Three new platforms to help providers prevent adverse drug events were developed as part of a recently completed Department of Veterans Affairs Innovation Initiative project.
The platforms--developed by Juno Beach, Fla.-based health IT software development company DSS, Inc., and piloted at five VA Medical Centers--were created to boost interoperability between departments and include an outpatient pharmacy interface that lists both active and inactive prescriptions; a problem list interface; and a bar-coded medication administration interface containing dosage records.
The platforms also helped ensure integration of surveillance software, provided by Salt Lake City-based TheraDoc, with the VA's electronic health record, VistA. The software was at the heart of project after helping prevent more than 250 adverse drug events at San Antonio-based South Texas Veterans Healthcare System in 2010.
Getting a handle on drug issues has been a priority for the VA of late. Last month, the VA and the Department of Defense posted a request for information in relation to efforts to add a pharmacy component to their integrated electronic health record (iEHR). The iEHR solution, according to the RFI, would "support the input, ordering, tracking, and dispension of pharmacy services" provided by both the VA and the DoD.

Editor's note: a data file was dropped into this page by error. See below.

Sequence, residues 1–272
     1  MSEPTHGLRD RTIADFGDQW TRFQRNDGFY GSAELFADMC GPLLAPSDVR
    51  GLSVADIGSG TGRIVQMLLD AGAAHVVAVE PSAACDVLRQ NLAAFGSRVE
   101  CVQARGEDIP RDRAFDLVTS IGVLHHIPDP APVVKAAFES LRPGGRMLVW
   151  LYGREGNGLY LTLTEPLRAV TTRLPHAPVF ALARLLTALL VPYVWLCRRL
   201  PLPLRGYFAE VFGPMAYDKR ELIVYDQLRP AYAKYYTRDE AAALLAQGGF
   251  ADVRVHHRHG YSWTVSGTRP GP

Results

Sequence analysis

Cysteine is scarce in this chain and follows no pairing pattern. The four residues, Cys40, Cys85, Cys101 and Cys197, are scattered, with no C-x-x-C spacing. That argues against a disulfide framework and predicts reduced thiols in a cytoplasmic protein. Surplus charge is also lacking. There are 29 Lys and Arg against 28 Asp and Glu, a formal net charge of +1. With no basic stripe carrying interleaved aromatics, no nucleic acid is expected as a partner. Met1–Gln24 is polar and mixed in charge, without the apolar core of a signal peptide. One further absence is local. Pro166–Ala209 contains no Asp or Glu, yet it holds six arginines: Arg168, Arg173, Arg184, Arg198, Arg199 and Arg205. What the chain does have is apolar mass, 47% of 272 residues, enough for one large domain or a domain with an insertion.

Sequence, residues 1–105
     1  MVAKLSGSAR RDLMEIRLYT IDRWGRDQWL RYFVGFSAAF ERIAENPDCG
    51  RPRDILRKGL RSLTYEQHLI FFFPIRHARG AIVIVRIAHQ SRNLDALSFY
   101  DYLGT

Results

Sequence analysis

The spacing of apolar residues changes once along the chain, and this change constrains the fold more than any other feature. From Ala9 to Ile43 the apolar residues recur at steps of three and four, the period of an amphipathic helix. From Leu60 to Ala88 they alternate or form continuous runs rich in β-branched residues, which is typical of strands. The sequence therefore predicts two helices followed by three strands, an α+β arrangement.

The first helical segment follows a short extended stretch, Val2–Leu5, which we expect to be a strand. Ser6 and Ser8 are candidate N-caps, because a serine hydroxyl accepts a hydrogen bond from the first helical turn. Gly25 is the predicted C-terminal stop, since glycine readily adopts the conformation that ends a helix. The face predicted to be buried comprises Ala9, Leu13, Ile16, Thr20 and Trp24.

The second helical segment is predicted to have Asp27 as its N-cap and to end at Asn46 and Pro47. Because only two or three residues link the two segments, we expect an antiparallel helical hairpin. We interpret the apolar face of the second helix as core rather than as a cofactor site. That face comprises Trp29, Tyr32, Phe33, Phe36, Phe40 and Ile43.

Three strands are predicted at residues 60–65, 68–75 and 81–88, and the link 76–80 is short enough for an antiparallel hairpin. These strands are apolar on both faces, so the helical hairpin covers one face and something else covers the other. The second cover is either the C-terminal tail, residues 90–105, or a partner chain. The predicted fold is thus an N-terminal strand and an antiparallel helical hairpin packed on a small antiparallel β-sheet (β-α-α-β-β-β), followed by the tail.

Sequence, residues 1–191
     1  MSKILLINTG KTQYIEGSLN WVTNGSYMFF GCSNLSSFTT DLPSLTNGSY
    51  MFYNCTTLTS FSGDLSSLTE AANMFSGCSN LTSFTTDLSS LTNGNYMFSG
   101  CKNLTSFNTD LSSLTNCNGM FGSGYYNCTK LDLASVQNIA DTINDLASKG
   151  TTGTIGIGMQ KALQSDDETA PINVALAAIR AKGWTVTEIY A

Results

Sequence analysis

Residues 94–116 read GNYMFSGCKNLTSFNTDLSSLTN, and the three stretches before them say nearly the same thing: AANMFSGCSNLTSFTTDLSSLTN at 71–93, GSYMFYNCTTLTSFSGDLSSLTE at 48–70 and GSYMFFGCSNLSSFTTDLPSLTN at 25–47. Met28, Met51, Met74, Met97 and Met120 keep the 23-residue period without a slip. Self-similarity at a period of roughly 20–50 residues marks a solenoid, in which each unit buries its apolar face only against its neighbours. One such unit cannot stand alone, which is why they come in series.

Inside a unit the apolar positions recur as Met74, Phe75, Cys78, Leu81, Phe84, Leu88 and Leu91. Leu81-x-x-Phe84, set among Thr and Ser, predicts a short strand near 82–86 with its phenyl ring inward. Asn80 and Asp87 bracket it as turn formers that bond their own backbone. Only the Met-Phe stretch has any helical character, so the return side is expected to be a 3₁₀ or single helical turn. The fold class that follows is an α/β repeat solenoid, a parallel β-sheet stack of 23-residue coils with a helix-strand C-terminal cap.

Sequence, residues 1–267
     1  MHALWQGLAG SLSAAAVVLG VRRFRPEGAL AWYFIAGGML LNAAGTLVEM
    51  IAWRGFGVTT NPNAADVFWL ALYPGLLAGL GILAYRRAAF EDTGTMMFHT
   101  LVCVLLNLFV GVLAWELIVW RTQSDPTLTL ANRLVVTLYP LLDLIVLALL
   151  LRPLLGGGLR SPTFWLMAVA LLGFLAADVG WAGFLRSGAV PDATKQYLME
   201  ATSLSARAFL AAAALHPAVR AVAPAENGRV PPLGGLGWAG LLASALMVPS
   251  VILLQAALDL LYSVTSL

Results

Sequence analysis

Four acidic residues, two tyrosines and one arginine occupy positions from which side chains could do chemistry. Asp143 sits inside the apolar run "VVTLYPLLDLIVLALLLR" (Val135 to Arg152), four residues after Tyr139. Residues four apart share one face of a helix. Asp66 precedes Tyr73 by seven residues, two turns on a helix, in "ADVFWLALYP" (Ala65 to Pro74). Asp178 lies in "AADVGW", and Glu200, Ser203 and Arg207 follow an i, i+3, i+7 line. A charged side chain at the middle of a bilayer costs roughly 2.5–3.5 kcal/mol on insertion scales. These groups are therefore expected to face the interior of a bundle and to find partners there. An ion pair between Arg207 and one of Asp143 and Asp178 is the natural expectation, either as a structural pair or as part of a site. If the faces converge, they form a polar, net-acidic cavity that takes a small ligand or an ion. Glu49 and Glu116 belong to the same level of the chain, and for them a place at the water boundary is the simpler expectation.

What's more, technology has become more and more key to helping all providers--not just those within the VA--predict adverse drug events. A study published last month in the journal Nature outlined the creation of a computer model created by researchers from the University of California San Francisco that can predict which drug prospects are most likely to have adverse side effects.
And earlier this year, researchers at Stanford University developed an algorithm that allows doctors to differentiate between adverse events related to drugs from those related to another illness.
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